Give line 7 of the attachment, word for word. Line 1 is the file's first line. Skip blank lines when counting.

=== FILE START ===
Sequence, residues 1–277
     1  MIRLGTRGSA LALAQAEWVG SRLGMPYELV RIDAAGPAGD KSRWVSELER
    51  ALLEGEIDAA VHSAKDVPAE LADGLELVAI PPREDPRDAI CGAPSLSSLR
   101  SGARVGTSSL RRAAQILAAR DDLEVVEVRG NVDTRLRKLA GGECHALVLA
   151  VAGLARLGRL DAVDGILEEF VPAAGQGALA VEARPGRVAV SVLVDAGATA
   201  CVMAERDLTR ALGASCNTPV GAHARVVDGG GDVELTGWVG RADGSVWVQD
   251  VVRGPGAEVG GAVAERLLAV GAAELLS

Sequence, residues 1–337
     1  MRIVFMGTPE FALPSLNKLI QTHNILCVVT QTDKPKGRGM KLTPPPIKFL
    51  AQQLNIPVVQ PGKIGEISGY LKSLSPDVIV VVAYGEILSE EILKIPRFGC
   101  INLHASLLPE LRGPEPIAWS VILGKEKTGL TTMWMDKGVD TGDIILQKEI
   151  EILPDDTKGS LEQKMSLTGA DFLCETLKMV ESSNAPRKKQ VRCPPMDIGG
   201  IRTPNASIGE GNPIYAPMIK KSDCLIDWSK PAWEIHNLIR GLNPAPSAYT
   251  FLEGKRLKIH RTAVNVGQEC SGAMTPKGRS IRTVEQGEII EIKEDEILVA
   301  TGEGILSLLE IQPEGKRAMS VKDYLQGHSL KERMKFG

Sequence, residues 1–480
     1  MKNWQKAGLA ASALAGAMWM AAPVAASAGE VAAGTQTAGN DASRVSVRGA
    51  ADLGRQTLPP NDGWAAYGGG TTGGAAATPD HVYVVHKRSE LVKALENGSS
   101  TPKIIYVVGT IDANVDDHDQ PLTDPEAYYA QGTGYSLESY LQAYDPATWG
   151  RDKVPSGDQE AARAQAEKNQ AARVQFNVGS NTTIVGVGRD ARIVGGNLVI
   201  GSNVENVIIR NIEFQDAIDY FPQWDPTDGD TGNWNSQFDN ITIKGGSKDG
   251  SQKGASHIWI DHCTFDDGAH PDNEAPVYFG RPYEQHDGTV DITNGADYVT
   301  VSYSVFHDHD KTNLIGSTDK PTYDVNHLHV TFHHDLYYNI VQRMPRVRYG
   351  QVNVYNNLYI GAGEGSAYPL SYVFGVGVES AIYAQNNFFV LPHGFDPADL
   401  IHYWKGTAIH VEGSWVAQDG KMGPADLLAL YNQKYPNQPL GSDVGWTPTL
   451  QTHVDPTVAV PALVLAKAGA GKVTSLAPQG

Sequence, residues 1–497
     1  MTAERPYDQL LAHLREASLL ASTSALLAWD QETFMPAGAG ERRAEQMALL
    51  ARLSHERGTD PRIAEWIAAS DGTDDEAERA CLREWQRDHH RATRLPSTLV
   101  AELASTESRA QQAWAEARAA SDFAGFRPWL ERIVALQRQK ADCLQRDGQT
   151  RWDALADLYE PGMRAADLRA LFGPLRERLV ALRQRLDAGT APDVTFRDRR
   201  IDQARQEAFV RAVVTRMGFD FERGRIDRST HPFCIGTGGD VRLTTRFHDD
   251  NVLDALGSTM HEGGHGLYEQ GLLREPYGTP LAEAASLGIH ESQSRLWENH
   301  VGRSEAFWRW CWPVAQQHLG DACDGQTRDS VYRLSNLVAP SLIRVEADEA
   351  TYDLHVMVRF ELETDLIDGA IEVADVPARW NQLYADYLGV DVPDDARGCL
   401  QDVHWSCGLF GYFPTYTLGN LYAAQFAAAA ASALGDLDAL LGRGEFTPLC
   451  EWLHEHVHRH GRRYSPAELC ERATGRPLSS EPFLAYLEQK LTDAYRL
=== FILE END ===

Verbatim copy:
   251  VVRGPGAEVG GAVAERLLAV GAAELLS